February 28, 2022
Lawmakers are considering legislation that would aim to address the gaps in the behavioral healthcare system. Senator Patty Murray (D-WA), Chair of the Senate Health, Education, Labor and Pensions Committee, was quoted on modernhealthcare.com saying, "Our mental health and substance use disorder workforce is stretched too thin to meet the needs of our kids, let alone our communities at large . . . If we keep stretching without taking action, something is going to break."
According to Centers for Disease Control and Prevention (CDC) data, Americans have experienced higher rates of mental health issues, as well as an increase in substance misuse and overdose, during the COVID-19 pandemic.
While there has not yet been a bill introduced, behavioral healthcare providers, advocates, and lawmakers are putting a focus on low reimbursement rates and restrictions on coverage that are limiting access to care. Jennifer Snow, National Director of Government Relations and Policy at the National Alliance on Mental Illness, was quoted on modernhealthcare.com saying, "Parity law is not the reality for many people with mental illness . . . There might be laws on the books, but health insurers are really falling short on providing equitable coverage."
Stephen Gillaspy, Senior Director of Health and Healthcare Financing for the American Psychological Association, argues that payments and administrative burdens are driving mental healthcare providers away from private and government insurance programs. He was quoted saying, "More and more providers will say 'I'm not going to be on panels for Medicare or Medicaid,' or 'I'm just going to go to cash-only,' . . . Then, the only people that can access mental and behavioral health services are those folks that have the income for it, so it's a huge health equity issue."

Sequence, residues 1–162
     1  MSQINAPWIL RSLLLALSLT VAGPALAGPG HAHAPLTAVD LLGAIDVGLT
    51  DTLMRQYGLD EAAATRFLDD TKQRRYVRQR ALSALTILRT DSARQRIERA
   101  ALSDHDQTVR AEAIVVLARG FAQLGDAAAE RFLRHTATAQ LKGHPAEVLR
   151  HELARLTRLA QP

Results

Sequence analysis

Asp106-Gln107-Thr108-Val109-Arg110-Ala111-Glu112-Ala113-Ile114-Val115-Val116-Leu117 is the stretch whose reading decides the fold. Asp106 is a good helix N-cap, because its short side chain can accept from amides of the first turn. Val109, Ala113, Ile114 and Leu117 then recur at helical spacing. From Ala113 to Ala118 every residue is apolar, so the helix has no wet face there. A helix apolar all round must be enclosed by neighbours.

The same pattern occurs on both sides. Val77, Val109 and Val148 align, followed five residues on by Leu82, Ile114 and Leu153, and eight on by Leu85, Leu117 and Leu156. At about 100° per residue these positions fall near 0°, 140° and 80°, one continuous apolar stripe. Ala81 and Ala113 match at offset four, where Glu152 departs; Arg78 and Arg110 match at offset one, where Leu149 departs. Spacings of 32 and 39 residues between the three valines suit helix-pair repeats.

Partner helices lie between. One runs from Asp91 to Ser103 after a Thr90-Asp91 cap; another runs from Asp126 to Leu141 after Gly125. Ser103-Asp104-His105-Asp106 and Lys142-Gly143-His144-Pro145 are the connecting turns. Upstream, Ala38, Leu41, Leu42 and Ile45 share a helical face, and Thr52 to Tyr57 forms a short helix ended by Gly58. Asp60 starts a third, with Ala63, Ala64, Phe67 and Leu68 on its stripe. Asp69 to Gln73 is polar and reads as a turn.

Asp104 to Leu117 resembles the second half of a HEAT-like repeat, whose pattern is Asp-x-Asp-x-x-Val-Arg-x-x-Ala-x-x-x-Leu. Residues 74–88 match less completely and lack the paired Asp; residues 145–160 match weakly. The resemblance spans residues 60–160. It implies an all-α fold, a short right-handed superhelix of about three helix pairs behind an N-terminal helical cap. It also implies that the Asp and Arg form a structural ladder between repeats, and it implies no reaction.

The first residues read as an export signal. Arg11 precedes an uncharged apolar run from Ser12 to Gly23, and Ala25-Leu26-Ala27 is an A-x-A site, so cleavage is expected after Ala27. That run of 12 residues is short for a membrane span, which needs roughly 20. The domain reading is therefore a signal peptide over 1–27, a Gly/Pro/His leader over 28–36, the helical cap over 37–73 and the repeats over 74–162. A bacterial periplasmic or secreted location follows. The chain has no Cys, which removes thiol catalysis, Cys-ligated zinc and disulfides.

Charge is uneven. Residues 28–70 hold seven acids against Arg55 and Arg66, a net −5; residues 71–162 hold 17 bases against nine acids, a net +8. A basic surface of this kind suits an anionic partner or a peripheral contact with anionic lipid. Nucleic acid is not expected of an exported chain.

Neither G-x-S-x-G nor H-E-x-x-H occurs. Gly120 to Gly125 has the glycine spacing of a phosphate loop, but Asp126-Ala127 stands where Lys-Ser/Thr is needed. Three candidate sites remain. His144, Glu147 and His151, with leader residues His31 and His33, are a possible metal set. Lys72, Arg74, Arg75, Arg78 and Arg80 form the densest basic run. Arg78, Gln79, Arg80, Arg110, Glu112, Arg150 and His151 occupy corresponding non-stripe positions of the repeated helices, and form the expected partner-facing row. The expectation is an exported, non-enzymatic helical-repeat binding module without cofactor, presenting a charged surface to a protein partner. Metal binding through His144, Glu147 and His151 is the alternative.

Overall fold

A Milliman Research Report released in 2019 indicated that from 2013 to 2017, patients were 5.7 times more likely to go out of network for outpatient behavioral healthcare than for outpatient medical and surgical services. Additionally, the report found that primary care reimbursements were 24% higher than behavioral health payments as of 2017.
Higher reimbursement payments would encourage more mental healthcare providers to accept insurance, which would, in turn, entice more students to enter the field.
Dr. Sabrina Lim, System Vice President of Health and Safety and Quality for the Mount Sinai Health System, was quoted saying, "The core of those problems is we're under-reimbursed and behavioral health cannot meet our costs . . . One of the best ways to actually demonstrate that we're going to treat mental health in the same way as physical health is that we have to pay for it in the same way."
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